Tracey Holst was elected to Oakmont’s borough council last fall and sits on the local Democratic committee. A consultant with decades of experience in human relations, she said that compared to other candidates with longer tenures in politics, “With me, you have a candidate with newer, fresh ideas.” She said protecting abortion rights was a major concern, and she touted her work to boost the wages of borough employees to at least $15 an hour.

Penn Hills constable Louis Leon touts the fact that he was born and raised in Penn Hills — “I love this community,” he said — and has worked in corrections. He’s a longtime member of the Penn Hills Democratic Committee and said he developed a close relationship with DeLuca by helping drive him to events and to Harrisburg as DeLuca’s health flagged.

“He and I share the same passion and love for this community,” Leon said. He too said attracting state support to the district was critical, especially to help seniors and redevelop a number of discarded industrial properties

Joe McAndrew served as the county Democratic Party’s executive director through this spring and chairs the Penn Hills Democratic committee. He previously lived in Oakmont where he ran unsuccessfully for mayor. But he previously told WESAthat he would bring both his first-hand political experience and his commitment to abortion rights and other Democratic values to the campaign.

Penn Hills Deputy Mayor Frank Pecora is the son of another state legislator from the area, the late state Sen. Frank A. Pecora. “I’ve been involved in politics since I was a little kid,” he said. He worked for the state Department of Revenue and its lottery commission, and serves on the Democratic committee. He said it was crucial to bring state money back to the district, as DeLuca did, and to provide strong constituent service. “He and my father were very good friends,” he said. “He brought a lot of money back to the district, and he helped a lot of people.”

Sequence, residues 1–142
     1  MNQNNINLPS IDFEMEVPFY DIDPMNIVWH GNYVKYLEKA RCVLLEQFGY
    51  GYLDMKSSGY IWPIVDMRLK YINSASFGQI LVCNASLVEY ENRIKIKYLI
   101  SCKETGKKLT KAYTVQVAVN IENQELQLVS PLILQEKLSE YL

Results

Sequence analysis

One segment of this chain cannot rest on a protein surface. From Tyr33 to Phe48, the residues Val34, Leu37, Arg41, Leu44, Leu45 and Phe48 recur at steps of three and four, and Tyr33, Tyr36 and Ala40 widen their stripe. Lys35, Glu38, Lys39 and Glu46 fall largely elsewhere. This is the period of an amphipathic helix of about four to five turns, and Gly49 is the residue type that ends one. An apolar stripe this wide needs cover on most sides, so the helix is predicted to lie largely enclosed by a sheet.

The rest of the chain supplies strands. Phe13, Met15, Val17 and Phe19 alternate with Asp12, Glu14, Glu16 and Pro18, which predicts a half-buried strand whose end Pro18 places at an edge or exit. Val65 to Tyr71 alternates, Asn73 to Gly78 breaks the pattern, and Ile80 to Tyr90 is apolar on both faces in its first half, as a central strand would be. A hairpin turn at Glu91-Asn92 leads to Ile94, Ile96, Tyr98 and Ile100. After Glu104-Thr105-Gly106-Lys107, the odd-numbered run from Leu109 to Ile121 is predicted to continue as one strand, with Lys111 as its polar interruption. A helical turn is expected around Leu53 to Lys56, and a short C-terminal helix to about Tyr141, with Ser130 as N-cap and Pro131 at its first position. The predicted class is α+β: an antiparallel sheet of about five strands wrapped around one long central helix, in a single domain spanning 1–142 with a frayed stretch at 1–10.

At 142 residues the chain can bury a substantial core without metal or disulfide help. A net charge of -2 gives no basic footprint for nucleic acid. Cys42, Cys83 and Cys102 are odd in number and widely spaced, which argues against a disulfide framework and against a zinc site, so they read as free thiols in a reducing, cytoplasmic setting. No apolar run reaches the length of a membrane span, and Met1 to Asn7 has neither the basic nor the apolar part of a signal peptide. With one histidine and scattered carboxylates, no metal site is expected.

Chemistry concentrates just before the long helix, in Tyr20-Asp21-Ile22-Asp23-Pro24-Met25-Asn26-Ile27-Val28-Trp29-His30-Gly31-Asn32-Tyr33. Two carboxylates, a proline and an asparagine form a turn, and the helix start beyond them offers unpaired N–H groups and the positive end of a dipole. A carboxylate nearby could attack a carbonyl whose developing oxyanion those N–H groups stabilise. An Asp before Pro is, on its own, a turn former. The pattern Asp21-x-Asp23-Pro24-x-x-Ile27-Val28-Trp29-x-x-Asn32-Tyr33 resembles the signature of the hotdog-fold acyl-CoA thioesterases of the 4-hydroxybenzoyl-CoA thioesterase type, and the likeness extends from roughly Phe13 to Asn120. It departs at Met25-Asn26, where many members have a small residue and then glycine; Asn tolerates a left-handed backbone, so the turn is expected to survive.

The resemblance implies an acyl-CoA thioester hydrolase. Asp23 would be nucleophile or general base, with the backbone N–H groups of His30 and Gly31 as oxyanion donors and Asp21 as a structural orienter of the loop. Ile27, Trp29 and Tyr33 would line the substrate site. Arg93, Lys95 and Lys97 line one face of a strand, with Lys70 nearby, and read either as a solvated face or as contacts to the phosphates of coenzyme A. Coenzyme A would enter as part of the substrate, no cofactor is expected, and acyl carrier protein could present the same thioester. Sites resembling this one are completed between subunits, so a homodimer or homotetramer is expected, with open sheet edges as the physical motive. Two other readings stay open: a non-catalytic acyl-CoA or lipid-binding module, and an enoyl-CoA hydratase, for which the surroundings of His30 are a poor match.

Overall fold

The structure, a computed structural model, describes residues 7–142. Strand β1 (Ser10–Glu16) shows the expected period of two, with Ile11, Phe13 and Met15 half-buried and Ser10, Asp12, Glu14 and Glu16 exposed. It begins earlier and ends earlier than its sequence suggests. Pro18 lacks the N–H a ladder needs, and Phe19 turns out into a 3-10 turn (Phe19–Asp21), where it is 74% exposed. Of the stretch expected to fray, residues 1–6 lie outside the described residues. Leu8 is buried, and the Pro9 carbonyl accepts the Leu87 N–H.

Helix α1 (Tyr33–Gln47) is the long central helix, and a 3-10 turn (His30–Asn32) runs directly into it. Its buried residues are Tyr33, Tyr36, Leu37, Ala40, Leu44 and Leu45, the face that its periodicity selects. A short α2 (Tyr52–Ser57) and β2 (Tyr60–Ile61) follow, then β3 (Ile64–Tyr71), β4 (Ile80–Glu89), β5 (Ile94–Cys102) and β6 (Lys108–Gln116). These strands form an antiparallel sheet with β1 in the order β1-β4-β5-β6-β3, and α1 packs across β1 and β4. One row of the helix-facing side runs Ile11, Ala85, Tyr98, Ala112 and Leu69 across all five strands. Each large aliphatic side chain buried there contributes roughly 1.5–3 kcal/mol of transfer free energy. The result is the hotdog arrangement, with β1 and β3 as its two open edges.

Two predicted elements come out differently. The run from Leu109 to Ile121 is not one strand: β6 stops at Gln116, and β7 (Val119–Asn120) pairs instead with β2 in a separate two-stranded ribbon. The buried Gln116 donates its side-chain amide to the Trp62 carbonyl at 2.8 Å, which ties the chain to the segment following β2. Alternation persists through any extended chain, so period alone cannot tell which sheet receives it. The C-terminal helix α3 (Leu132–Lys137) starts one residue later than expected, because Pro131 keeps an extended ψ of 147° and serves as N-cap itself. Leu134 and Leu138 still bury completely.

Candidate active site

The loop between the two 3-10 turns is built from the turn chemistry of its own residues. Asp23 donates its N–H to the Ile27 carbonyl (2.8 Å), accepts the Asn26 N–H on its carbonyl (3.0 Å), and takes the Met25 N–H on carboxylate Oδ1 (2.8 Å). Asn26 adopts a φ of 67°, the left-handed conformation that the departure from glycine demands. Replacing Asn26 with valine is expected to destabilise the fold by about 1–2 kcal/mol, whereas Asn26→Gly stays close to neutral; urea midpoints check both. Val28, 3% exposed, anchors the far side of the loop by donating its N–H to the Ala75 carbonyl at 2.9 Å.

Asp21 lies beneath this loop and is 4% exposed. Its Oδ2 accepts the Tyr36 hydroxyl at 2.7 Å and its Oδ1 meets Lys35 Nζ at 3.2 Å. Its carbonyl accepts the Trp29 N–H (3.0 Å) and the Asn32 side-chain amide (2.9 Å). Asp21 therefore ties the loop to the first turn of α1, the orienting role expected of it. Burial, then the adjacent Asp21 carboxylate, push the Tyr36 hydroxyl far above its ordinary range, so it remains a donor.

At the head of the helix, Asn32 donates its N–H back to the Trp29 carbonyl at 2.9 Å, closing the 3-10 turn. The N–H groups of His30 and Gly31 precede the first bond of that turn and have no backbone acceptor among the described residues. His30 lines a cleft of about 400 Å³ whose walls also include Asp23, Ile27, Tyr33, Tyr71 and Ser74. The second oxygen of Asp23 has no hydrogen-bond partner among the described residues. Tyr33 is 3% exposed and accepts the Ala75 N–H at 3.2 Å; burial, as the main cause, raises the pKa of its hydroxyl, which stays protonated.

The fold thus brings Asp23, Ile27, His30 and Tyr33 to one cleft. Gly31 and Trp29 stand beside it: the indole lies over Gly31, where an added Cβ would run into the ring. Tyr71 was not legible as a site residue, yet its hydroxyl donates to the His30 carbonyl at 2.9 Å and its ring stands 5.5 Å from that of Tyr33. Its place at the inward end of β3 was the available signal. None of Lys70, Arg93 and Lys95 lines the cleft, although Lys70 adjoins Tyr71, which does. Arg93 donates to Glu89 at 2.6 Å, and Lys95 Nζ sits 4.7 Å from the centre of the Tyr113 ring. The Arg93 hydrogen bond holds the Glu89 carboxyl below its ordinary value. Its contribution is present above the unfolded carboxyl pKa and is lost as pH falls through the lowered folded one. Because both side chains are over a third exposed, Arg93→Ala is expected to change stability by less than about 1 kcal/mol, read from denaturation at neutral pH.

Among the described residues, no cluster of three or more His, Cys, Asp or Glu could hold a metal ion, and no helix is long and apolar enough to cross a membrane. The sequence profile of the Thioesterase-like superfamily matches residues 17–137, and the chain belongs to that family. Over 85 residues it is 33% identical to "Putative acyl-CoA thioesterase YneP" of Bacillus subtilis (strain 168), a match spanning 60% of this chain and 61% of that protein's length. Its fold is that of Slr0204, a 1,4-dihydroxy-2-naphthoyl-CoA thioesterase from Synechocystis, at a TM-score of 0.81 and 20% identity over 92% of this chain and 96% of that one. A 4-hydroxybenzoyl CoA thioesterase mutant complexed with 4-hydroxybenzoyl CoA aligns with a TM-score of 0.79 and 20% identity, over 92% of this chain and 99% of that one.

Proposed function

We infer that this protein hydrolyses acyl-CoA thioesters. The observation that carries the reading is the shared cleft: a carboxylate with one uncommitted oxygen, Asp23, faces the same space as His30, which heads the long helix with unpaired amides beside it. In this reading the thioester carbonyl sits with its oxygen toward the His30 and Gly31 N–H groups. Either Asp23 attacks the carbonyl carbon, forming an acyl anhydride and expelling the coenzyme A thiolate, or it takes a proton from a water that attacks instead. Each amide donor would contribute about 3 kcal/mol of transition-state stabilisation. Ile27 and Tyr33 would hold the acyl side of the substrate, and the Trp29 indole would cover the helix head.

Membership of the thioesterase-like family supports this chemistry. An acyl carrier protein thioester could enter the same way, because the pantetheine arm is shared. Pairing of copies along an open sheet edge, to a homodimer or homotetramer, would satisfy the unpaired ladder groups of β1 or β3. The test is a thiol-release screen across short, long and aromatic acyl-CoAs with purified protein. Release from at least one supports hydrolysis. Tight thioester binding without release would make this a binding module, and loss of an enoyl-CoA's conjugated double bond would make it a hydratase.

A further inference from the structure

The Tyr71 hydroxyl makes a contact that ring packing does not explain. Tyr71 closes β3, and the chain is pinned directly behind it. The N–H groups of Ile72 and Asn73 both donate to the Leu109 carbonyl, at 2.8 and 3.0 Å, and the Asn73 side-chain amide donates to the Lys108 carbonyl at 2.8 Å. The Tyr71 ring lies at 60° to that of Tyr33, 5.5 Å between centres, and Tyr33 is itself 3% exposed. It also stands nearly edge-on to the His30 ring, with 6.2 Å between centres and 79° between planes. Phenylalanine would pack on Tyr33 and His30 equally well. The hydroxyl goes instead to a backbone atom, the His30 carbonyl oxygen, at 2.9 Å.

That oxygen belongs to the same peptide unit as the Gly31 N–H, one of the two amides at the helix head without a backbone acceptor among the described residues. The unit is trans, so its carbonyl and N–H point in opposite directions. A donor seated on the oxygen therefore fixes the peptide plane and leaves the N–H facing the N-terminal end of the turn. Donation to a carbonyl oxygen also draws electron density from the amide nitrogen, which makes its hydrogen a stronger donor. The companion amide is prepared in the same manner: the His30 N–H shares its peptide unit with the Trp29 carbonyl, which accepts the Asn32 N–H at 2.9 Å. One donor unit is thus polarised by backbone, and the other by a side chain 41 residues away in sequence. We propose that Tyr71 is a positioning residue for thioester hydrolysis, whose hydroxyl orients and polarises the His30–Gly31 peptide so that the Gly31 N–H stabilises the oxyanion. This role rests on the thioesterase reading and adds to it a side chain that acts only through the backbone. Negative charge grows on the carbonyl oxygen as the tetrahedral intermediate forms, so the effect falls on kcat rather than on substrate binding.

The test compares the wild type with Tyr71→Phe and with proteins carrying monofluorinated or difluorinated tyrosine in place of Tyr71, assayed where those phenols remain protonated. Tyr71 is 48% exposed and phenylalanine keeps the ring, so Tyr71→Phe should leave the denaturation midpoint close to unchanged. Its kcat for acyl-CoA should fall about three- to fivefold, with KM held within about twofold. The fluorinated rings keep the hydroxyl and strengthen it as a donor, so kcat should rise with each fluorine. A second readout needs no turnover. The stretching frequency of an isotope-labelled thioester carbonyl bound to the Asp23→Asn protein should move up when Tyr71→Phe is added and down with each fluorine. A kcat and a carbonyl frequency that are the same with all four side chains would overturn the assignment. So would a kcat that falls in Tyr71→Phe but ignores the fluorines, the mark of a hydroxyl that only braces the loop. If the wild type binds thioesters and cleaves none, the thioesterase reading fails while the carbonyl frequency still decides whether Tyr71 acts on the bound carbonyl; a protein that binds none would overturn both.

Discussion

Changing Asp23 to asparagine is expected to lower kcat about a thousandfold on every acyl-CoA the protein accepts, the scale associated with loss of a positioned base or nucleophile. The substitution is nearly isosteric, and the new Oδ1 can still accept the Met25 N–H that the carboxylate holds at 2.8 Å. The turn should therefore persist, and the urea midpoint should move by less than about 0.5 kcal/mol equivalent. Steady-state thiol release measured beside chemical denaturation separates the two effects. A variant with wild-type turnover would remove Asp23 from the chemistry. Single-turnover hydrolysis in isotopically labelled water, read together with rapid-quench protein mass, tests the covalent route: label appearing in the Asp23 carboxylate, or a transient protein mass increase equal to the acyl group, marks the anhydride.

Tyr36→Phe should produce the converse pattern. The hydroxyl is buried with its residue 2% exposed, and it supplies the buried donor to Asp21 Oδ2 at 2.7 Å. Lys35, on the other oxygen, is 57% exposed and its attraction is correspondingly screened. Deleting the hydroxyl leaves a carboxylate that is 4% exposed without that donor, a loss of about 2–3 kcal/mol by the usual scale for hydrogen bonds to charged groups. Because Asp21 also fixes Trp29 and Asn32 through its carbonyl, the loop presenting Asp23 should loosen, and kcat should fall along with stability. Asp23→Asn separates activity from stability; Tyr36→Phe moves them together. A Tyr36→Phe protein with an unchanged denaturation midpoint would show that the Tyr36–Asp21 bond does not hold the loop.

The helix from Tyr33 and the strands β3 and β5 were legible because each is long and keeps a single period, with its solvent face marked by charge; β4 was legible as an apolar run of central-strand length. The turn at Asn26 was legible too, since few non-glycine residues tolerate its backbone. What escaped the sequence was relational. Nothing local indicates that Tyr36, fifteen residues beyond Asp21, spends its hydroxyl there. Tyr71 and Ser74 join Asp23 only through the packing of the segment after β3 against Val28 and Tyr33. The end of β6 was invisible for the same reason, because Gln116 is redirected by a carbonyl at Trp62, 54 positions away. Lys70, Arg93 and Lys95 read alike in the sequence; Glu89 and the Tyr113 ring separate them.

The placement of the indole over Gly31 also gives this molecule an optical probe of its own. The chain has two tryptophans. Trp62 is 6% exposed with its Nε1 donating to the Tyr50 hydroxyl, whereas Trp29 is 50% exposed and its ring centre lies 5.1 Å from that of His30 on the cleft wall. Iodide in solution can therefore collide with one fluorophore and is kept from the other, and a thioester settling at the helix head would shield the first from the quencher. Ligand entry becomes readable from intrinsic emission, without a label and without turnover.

Penn Hills school board memberErin Vecchio, who spoke to WESA previously, is perhaps best known for triggering questions about the in-state residency of former U.S. Senator Rick Santorum. Shesays her work improving the district’s finances shows her ability to be effective.

Oakmont attorney Lois Vitti, who previously served on Oakmont’s Democratic committee and was a member of the Riverview school district school board. Vitti said that while she too would like to bring investment to the district, along with more education funding, she’s motivated by the need to protect the right to an abortion and to maintain protections for LGBT Pennsylvanians.

“This election is the pivotal one in the nation,” she said.” It's not just about us and our community, it's about women and their right to choose.”

Nearly three decades after leaving home for college, Chris Potter now lives four miles from the house he grew up in -- a testament either to the charm of the South Hills or to a simple lack of ambition. In the intervening years, Potter held a variety of jobs, including asbestos abatement engineer and ice-cream truck driver. He has also worked for a number of local media outlets, only some of which then went out of business. After serving as the editor of Pittsburgh City Paper for a decade, he covered politics and government at the Pittsburgh Post-Gazette. He has won some awards during the course of his quarter-century journalistic career, but then even a blind squirrel sometimes digs up an acorn.